Last month on the 25th of March. The U.S Small Business Administrator (SBA) had a defect on the online submission of applicants for the Economic Injury Disaster Loans (EIDL) as disclosed by Jovita Carranza. This type of loan was offered typically to Small Businesses that suffered losses due to different known disasters in America. The loan is the government’s aid to help these capitalists to start their businesses after their inevitable failure. With the recent amendment on the CARES Act that governs this project, a company can be given a loan wherein the $10,000 of it does not need to be paid back.
The issue was confirmed due to a caching problem in the application system. The leak was instigated after an applicant clicks on the BACK button to go back to the previous page of the application form. Instead of getting back to the way they recently filled up with personally sensitive information, they were landed on a similar page of the application. However, it contains data from other people who also applied at Small Business Administrator for the same benefits.
In this view, other people can see critical information such as Full Names, Dates of Birth, Addresses, Contact numbers, Social Security Numbers, and Financial histories of other Small Business Administrator loan applicants. With this vital information, any hacker who can get access to this information can perform vast fraudulent acts on behalf of the victim.
Not too long ago, a similar case happened to a Valve – Steam Store for gamers wherein a Distributed-Denial of Service (DDoS) was invoked on Christmas Day. The same situation wherein cached information was accessed by other people who hit the ‘back’ button on their purchase, leaking sensitive information. This issue happened due to a system update they deployed that time to resolve their current issue with a large volume of traffic because of peak season purchase. But the update only made it worse.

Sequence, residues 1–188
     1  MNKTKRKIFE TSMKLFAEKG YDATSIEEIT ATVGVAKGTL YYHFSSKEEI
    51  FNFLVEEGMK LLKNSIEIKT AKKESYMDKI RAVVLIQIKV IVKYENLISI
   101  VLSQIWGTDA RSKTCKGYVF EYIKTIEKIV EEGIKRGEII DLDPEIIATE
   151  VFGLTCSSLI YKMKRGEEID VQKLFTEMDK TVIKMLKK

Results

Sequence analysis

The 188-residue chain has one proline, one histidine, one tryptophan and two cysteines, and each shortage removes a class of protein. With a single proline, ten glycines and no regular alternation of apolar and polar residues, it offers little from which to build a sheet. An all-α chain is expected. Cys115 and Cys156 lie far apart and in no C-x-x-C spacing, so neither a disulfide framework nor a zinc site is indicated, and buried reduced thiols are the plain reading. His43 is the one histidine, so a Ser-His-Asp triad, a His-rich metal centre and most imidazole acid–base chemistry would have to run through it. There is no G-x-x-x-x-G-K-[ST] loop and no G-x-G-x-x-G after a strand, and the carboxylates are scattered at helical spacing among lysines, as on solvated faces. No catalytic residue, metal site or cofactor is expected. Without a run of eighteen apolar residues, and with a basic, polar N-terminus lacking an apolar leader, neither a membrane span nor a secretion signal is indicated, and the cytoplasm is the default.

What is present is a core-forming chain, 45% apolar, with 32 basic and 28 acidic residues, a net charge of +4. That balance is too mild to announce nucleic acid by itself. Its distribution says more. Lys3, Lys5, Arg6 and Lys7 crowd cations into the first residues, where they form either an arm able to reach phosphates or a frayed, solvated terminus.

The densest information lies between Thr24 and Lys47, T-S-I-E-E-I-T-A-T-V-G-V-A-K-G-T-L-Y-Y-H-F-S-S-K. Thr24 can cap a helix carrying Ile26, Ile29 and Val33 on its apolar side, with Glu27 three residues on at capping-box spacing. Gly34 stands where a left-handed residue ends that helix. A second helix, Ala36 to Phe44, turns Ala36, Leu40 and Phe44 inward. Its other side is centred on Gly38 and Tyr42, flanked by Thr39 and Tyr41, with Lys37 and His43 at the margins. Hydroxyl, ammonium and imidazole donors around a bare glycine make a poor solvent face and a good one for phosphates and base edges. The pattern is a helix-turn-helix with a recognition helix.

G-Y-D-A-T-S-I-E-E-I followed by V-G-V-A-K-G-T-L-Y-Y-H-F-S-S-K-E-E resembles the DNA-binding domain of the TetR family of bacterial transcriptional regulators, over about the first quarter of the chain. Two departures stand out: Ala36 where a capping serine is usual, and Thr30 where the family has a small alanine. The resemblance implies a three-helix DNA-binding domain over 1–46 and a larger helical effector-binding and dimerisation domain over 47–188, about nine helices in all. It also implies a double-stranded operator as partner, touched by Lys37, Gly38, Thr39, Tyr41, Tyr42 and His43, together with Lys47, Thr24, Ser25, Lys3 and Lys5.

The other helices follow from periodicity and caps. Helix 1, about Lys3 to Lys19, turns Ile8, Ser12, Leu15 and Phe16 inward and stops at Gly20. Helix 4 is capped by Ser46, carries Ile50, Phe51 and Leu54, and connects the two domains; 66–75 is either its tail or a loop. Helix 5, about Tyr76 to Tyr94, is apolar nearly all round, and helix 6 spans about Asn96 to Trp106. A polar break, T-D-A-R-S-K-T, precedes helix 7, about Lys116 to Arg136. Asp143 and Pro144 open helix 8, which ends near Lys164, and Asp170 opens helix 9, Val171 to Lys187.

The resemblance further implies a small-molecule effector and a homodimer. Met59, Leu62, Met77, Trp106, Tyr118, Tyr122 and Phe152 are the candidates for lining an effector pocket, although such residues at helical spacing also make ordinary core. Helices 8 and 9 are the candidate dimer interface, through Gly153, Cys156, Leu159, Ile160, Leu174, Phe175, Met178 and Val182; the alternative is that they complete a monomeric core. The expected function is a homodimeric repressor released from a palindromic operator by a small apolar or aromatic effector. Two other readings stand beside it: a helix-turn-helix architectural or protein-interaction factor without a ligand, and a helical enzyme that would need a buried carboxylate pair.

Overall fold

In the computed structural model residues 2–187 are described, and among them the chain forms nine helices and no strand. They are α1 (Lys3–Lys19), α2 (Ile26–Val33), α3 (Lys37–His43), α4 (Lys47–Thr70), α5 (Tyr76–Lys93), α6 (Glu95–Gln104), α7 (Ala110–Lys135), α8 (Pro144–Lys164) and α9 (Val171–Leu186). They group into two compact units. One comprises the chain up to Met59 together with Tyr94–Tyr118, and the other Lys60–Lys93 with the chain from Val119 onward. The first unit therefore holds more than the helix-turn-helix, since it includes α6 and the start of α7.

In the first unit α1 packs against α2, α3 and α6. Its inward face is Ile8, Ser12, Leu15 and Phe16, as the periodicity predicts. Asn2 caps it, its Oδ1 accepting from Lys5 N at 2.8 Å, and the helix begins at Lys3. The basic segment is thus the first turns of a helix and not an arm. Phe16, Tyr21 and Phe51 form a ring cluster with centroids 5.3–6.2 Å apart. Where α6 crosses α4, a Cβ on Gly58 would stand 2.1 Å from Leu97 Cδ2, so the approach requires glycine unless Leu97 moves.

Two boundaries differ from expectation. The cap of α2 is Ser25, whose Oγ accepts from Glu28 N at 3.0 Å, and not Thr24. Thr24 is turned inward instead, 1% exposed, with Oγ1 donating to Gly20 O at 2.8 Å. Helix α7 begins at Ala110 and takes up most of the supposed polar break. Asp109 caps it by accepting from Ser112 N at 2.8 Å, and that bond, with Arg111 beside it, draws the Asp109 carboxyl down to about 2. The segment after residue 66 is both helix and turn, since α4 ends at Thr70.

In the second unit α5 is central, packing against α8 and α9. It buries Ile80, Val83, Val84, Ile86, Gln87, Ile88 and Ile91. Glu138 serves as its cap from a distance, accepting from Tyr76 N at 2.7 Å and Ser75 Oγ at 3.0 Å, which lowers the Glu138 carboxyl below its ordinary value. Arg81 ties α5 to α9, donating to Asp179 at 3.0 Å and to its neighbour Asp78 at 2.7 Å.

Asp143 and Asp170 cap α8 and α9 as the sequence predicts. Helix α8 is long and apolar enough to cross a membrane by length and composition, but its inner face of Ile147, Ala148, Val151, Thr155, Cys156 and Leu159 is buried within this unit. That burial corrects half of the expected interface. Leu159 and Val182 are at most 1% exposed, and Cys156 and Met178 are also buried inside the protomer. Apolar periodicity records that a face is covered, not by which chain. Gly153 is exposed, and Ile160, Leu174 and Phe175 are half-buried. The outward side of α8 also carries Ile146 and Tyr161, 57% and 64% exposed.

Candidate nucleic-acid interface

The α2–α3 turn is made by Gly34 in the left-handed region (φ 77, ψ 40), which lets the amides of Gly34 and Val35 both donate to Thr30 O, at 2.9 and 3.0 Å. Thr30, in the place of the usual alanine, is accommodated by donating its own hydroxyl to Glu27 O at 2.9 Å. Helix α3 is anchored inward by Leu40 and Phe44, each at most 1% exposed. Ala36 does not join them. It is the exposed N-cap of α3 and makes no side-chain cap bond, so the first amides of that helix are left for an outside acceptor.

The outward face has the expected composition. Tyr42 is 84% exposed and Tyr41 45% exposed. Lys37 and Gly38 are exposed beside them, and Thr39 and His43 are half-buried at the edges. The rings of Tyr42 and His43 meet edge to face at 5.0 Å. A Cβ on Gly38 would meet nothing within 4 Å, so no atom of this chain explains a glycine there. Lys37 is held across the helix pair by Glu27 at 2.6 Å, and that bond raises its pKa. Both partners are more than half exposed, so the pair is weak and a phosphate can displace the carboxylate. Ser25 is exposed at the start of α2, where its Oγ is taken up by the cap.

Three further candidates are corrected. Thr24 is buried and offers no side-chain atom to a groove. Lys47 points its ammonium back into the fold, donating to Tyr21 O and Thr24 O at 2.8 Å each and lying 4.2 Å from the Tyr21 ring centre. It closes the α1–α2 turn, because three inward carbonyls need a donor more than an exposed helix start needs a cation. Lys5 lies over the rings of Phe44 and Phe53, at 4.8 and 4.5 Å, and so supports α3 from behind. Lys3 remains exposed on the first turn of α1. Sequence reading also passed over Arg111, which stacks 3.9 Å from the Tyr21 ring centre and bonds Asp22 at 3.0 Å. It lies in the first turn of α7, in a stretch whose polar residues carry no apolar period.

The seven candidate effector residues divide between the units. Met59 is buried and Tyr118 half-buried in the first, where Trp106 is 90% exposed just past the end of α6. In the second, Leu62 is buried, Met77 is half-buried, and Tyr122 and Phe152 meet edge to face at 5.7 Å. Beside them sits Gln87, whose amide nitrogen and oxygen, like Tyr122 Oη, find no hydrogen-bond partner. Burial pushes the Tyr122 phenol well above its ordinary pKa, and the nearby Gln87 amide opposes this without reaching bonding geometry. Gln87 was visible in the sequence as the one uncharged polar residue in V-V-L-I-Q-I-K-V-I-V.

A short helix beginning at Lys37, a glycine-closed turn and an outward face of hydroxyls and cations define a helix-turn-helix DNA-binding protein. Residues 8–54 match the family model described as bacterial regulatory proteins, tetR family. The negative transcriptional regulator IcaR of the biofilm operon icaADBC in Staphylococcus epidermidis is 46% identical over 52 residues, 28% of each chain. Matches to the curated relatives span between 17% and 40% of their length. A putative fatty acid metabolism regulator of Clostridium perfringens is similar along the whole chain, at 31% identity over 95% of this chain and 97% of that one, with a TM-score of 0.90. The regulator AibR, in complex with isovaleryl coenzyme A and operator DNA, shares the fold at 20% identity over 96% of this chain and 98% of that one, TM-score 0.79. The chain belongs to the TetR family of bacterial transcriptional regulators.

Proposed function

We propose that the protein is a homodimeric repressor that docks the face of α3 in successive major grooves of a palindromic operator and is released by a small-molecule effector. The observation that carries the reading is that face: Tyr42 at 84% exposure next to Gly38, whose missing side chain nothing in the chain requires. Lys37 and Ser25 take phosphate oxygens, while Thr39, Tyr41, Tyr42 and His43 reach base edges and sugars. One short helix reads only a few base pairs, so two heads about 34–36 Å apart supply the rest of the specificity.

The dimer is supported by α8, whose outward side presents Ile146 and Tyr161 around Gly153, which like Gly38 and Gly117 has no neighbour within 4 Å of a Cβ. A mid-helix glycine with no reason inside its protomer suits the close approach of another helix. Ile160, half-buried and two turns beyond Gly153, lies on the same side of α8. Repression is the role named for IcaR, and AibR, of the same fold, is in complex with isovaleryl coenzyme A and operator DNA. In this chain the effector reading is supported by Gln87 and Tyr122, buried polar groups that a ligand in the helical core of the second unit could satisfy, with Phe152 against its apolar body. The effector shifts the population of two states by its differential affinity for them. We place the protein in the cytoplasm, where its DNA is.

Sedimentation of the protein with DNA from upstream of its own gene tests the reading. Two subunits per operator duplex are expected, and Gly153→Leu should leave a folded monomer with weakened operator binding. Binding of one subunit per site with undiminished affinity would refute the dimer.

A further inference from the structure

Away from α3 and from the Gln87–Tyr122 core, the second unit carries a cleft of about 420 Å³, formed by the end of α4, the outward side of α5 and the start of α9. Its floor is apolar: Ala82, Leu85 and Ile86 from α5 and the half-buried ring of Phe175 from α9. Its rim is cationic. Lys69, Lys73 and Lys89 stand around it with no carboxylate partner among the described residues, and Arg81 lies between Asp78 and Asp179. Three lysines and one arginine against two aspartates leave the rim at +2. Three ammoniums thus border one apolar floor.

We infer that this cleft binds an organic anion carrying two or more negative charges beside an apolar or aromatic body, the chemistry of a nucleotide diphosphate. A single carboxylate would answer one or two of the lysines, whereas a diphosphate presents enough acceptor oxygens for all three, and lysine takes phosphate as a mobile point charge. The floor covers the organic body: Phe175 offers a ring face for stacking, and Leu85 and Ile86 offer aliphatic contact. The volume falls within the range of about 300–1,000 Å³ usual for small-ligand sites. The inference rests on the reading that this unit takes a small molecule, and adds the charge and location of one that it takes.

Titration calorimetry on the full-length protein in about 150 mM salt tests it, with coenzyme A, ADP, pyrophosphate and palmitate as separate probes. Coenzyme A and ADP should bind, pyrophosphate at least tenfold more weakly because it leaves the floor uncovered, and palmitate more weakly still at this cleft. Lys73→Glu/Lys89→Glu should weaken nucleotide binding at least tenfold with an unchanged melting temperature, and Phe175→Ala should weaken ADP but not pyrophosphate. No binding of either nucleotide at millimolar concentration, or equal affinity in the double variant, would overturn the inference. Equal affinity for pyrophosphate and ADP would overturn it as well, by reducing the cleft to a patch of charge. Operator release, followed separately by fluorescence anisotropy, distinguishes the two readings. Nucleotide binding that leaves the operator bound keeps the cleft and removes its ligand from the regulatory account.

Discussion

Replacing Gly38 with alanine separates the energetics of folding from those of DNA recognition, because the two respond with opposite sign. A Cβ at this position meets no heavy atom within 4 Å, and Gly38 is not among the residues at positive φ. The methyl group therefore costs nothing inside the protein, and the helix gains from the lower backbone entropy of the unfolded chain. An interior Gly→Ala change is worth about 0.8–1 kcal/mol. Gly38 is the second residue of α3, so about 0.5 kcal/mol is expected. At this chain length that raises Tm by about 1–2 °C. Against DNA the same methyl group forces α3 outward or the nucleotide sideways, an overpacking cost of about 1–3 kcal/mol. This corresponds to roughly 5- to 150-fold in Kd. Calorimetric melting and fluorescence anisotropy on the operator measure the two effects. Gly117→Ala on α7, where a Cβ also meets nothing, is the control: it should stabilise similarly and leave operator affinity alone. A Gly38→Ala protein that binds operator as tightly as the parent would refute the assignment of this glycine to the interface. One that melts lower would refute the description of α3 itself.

The above case similarity was observed to happen with the loan’s application portal. Since businesses took a painful hit due to the pandemic crisis, the large volume of business loan applicants tried to submit their claims, but the system was unable to support it.
Fortunately, both dilemmas were immediately addressed, and regular operations resumed afterwards. But in spite of these actions, the government is still under scrutiny by the public. In response to those who have had their information leaked, the government has offered them a credit monitoring plan to mitigate any possible fraud and risk issues.
Currently, no new applications are being entertained for the said benefit due to budget deficits. The number of applications they have already received is far more than the allotted budget.